On Misfortunes

Broadly speaking, misfortune makes itself known to us in two modes: the first, as a sudden, unexpected impact, where the misfortune reveals itself without warning, striking in the hour you least expect. The second mode is more subtle, more gradual. It is misfortune that creeps up on you, inching closer and closer, making itself known bit by bit, revealing aspects of itself, teasing its imminence, such that when it finally arrives, it seems inevitable, unavoidable, and in its seeming inevitability, it is all the more dreadful.

In my limited experience, sudden misfortune is more common. It is not unusual to have some plan of action completely upended by a single stroke of bad luck. Sudden misfortune hits fast, hits hard, but once you weather its assault, you can pick up the pieces and rebuild. Not so with the less common, creeping misfortune. The chill along your spine, the small misfortunes, in themselves so inconsequential yet altogether so damning – being subject to such a misfortune is like seeing your plans and dreams being peeled apart, slowly and painfully falling to pieces. Bearing witness to that, who can muster the strength to pick up the pieces? Who can avoid falling into numbing despair?

In the case of the misfortune that upturned the peaceful routine I shared with Rosalind, it was certainly one of the creeping variety.

The first signs came in the form of the whispers from our patrons.

It was a night just a little over a year from the day I had started working for Rosalind. Everything went as per normal, we had opened the store and the customers were coming in at alternate times – the men entering when it was Rosalind’s turn to entertain, the women flooding in when it was mine. By that point I had accepted that, for whatever reason, the women of the town were as charmed by me as the men were by Rosalind. I had a theory that it might be because there were few men in town who carried the air of refinement which I played up while acting as a butler, and thus they grew enamoured with the figure of myself, who acted the part of the refined manservant – though I was a woman. Whatever the reason, I had grown to simply accept the phenomenon – it was bringing in more business, and that was always a good thing. Often the women would talk to me about their husbands, or about each other – only when the concerned party was absent, naturally. It became a sort of routine for me to listen to their stories about their children, or their complaints about their home lives, or their baseless condemnations of the government – it was frivolous talk, but I knew the importance of having an outlet to vent, and so I took it upon myself to be the best possible such outlet.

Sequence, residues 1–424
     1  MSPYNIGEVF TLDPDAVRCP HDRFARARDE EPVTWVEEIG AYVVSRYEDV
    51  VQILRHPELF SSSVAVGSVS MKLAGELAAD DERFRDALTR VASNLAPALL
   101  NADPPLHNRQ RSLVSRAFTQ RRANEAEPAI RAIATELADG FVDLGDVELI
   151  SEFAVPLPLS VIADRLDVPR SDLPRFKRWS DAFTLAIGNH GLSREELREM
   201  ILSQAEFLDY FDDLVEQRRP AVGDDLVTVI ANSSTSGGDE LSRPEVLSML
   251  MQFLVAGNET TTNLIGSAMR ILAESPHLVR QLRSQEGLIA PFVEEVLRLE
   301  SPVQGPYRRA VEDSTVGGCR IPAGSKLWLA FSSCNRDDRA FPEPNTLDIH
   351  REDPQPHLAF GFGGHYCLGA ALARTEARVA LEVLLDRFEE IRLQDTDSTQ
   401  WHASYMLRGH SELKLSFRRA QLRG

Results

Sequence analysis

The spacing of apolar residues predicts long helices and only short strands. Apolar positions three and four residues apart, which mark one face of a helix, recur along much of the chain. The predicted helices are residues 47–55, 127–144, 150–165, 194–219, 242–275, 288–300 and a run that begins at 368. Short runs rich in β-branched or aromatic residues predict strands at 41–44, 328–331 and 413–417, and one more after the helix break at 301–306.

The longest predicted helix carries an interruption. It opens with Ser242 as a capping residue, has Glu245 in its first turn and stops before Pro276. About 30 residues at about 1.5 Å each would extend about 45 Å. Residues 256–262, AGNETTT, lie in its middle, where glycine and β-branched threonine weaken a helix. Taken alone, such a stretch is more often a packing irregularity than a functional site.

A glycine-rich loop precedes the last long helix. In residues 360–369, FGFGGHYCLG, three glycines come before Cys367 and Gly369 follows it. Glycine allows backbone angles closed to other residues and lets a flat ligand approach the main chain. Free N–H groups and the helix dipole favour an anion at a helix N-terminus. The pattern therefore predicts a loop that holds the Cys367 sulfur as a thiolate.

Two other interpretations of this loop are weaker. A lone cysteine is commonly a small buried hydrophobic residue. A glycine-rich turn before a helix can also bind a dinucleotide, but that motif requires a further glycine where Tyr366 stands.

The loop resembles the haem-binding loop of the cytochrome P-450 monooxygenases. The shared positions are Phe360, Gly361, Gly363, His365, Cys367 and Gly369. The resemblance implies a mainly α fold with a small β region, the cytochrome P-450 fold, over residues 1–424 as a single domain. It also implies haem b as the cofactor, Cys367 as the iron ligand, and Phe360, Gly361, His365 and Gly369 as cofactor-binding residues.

As a result, I felt a distinct sense of unease on that night, when many of them came in with worried faces. I had the first shift for the night, so the tavern was largely devoid of men. I figured that my customers perhaps had troubles with the families – though the likelihood of such occurring to all of them was rather low. Therefore, I put on my best service smile and courteously offered them a seat, taking their orders and preparing myself to hear their complaints about their spouses or children. Accordingly, I was taken by surprise when they all voiced their shared concern about the health of the local Lord.

This country, the Mercynth Empire, followed a feudal system, where the land was split into twenty parts. Aside from the capital, which was directly controlled by the Emperor, the remaining 19 tracts of land were distributed among the 19 noble houses of the country, all of which answer directly to the Emperor. Each of these 19 houses paid a tax to the Emperor every year, with the lords of the noble houses levying taxes from those living on their lands. The amount of tax levied from the lords was fixed, but each lord could decide how much they wished to take from their subjects, and how much they were willing to furnish from their own coffers. As Ruth had once mentioned, the lord who presided over our land – Lord Erick – was a kind lord who took most of the burden of the new Emperor’s harsher taxation policies. Furthermore, he was said to be of gentle disposition and modest in manner. As a result, he earned considerable goodwill from the people living on his land. In the thirty years he had presided over this land, there had not been a single uprising. Meanwhile, the people often gave him a large portion of the fruit of their harvest when the time came, as a show of gratitude. I had never met the Lord, myself, but I could tell from the stories that he was an astute politician – there were few easier ways to control the masses than to be generous with one’s coffers.